That aside, not all mermaids were interested in romantic love, especially with a human. They had strong devoted meremen of their own. In certain legends mermaids behaved much like the sirens of Greek mythology who lured sailors to their doom with enchanted signing.  In some tales they rescued men from storm-tossed seas, while in others they spirited them to their underwater kingdom, drowning them in the process. As with most mythical creatures, there is a touch of beguiling enchantment and a darker side to the mermaid legend.

Which do you prefer?

16 thoughts on “Mae Clair’s Mythical Monday: Mesmerized by Mermaids

    • I had to look up Ondine. I’m very tempted to check it out. I’ve also seen several movies with selkies, but they usually have sad endings.

      Yeah, the original Little Mermaid fairytale definitely lacked in warm fuzzies. I remember being so saddened by the ending.

  1. I’ve never seen The Little Mermaid, believe it or not, but I always pictured mermaids as mischievous nymphs. Although, I always pictured the HEA’s with them as well. I guess it’s that innocent beauty they’ve portrayed them to have. Not the evil devious type. Great post. Really had me thinking!

    • I haven’t actually seen the Disney version but I know it has a lovely HEA at the end (thank you Disney!). I always envision mermaids as being micheivous too, frolicking in a magical underwater kingdom. I’m glad you enjoyed the post! 🙂

  2. Oh, I always vote for the HEA. In fact, if a story doesn’t have one, I rewrite it in my head. LOL (I had to change the ending of “Butch Cassidy and the Sundance Kid” for that very reason!) Another great post — and I can’t wait for this book to come out. 🙂 August sounds like a perfect time of year for it too.

    • I’m glad I’m not the only who had to imagine Butch Cassidy and the Sundance Kid ending differently! HEA’s are a must, LOL!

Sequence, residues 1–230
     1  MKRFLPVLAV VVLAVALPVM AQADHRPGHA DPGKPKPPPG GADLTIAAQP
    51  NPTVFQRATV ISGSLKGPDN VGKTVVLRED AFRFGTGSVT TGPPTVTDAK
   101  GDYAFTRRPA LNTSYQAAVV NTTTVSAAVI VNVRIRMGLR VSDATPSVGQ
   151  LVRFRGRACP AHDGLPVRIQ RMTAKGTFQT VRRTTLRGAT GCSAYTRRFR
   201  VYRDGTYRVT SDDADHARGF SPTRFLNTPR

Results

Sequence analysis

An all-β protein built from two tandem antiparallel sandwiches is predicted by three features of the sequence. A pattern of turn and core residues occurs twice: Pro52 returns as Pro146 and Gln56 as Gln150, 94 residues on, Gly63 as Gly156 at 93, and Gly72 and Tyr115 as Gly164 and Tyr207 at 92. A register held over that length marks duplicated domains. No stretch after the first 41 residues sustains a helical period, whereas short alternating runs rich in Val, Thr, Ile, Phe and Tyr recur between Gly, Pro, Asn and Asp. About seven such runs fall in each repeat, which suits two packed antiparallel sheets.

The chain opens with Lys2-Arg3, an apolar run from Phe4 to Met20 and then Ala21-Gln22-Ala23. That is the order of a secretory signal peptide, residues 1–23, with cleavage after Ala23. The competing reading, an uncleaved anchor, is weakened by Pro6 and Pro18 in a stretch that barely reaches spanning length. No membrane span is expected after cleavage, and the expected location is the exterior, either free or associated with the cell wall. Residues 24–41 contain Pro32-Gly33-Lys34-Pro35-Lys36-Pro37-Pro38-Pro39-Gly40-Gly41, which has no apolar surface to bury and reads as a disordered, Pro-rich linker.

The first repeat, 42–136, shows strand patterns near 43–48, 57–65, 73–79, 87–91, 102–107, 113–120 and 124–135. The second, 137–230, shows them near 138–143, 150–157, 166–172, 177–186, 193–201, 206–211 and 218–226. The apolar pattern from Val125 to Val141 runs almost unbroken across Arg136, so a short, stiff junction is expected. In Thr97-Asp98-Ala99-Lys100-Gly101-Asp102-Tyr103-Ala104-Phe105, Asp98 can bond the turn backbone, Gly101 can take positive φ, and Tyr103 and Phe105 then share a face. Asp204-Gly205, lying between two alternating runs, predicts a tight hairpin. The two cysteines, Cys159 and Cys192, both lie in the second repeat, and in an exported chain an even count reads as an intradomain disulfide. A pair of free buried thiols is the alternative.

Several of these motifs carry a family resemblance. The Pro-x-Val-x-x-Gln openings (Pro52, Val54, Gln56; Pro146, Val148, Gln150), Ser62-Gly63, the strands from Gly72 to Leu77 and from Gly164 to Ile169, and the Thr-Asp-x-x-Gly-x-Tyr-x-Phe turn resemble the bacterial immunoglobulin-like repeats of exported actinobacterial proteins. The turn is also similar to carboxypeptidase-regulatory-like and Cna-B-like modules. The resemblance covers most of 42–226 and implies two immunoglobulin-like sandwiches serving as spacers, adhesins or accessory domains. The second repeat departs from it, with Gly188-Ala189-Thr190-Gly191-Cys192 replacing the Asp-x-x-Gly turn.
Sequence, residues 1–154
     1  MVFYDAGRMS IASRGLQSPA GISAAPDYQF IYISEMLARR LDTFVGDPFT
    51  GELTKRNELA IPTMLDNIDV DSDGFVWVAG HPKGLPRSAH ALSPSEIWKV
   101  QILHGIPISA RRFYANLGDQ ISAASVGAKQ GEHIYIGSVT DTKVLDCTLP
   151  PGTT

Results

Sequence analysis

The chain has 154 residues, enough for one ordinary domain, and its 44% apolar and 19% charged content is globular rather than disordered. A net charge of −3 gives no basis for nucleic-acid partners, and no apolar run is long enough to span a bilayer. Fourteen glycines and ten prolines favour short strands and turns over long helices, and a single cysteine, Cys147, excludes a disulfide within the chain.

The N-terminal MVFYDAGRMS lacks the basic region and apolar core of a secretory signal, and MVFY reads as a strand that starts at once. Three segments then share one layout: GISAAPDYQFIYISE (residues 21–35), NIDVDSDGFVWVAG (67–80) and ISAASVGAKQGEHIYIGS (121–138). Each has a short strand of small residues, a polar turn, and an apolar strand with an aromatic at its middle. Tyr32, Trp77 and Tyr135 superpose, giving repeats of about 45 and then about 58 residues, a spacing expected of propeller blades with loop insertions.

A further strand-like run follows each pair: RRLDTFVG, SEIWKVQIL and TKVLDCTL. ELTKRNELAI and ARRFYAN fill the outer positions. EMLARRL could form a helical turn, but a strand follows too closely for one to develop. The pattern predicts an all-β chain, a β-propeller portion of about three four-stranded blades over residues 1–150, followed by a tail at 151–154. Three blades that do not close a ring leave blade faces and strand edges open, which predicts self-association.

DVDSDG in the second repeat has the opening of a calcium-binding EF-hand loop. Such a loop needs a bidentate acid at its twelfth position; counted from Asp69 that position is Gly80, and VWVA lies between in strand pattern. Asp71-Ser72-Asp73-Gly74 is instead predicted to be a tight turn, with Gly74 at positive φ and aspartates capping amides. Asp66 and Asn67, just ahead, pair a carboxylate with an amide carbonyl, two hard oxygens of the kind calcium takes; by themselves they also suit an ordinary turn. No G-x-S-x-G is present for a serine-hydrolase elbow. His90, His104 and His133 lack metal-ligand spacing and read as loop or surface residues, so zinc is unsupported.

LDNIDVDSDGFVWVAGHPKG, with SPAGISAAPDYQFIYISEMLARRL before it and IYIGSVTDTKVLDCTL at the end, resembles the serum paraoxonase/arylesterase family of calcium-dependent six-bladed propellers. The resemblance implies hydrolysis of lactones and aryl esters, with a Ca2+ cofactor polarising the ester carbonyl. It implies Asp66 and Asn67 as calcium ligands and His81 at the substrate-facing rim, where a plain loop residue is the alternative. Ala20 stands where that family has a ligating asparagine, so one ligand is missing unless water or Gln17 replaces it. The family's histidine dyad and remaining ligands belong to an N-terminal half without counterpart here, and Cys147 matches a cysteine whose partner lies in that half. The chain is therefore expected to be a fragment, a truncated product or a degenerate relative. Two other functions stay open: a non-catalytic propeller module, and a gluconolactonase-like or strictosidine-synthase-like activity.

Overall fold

TWELFTH SUN is set in a coastal town, so yeah, I guess August really is a good mesh. 🙂 Sun, the beach and romance. You have me looking forward to it too! 😀

  3. Mae – I’m not willing to give a mermaid anything less than complete and total happiness. I think you know me well enough by now to know that I’m very much a woman with two feet on the ground – but hey – you have me reading time travel and a werewolf so what’s next? You have a feisty way of setting the unsuspecting up and drawing them into your wonderful reads.

    • What a compliment! 🙂 Thank you, Sheri. And grounded or not, I love your view of giving a mermaid complete and total happiness. I’m also thrilled that I got you to venture into time travel and werewolves for a brief foray, LOL!

  4. Well I have to say I learned something about mermaids…didn’t know about the sea foam part, nor about the original story. Very interesting:)…. I do have to say like the mermaid that gets into some trouble but as mentioned in previous post has a good heart.

    • Hello, and lovely to see you here again! The original fairytale was quite the bummer (I’m showing my age, LOL). I always enjoy a story with trouble to keep things interesting, but need that HEA on the end. A good heart for a heroine (or hero) is so important! Thanks for popping in and commenting!.

  5. Sad to say but the first thing I thought when I read the part about mistaking a manatee for a mermaid was…those had to be some serious beer goggles. 😉

    Having said that, I’m familiar with their joint history with siren lore…and this is one of those cases where I much prefer the Disney version…and not just because I love Sebastian’s calypso music. 😀